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Sometimes we have to go beyond single line notes and create paragraphs of text. At times like these it's nice to know that AutoCAD has a fully featured word processor capable of giving us professional looking results. Let's create some multi-line text. I'm going to open up a drawing. I'm going to click the Open icon. And we are going to go inside the Chapter 11 folder located within our Exercise Files directory. And I want to open up the number 4 drawing, the Road Closure Detail. Let's select this guy and click open to bring him up on our screen. Now this is the drawing I'm working on a Road Closure Detail and my single line text has served me well to create my little labels.
But at this point I would like to create a paragraph of text. Now good form says that I should create my text on its own layer. Notice I already have a layer created for my text. I also have a text style created for my text. To create a paragraph of text in AutoCAD, we are going to use the MText command. Now I can launch the MText command from my Draw toolbar. If I go all way to the bottom I can click on the Multi-Line Text icon. And when I do AutoCAD is asking me to specify first corner. You see since I'm creating a paragraph, I'm going to create a rectangle that's going to define the column of text I want to create.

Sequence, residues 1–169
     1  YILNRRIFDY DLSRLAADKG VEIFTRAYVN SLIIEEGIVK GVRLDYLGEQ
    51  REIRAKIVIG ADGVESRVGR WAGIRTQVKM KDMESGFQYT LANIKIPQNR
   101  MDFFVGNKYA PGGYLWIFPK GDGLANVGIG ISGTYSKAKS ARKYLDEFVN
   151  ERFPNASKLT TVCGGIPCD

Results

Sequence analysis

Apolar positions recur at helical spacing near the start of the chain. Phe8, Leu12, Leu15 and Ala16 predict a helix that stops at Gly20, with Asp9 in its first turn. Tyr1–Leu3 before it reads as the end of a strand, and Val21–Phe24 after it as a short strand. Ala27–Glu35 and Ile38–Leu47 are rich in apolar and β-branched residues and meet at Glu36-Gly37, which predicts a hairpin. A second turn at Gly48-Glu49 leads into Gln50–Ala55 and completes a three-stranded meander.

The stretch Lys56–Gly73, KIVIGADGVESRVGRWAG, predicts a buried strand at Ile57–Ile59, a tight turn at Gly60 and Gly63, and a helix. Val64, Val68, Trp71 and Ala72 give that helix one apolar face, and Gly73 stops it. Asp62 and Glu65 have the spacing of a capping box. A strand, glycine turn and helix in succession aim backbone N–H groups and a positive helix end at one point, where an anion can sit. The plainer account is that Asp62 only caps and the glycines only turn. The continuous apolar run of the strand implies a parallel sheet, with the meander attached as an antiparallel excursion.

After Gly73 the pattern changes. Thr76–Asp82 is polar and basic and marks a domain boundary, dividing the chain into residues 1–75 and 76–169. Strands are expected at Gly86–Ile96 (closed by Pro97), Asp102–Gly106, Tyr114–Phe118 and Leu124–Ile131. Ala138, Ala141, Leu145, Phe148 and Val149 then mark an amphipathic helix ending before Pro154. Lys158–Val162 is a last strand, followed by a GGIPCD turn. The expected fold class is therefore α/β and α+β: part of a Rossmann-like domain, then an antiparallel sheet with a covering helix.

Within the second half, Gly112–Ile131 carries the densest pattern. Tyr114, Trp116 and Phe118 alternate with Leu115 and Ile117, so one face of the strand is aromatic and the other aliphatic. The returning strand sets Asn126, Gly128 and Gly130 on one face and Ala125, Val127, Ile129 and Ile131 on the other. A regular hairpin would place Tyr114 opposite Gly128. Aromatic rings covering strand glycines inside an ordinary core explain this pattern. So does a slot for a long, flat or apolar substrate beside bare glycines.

So I'm going to click once and then I'm going to pull to the right a little bit and down and this rectangle will define my text column. Let me click again to finish, and AutoCAD brings up my MText Editor. Now if you are familiar with Microsoft Word at all you already know how to use several of these features because quite frankly they are the same. Let me move down into my Text field. I will click and we will type in some text. Notice I have word wrap now.
That's good enough. OK, one other thing I want you to notice is this text is actually being placed in context with my geometry. Notice if I roll my zoom wheel in and out where I see my text is where it's going to be when I close the editor. So it's in place text creation. Now at the top of my editor, I have got a ruler. Now this ruler can actually be turned off. If you do not see a ruler we can go up and click this icon right here.
If I click that, I can turn the ruler on and off. Notice at the end of the ruler I have double arrows. If I move my cursor on top of the arrows and click and hold I can drag back and forth with my mouse and I can adjust the width of my paragraph. Let me release. My ruler has tab stops very similar to Microsoft Word. If I click at the beginning of this sentence to set my cursor, I can hit my Tab key to jump to the various tab stops. Let me back space to take those away. Let's change the appearance of some of our text.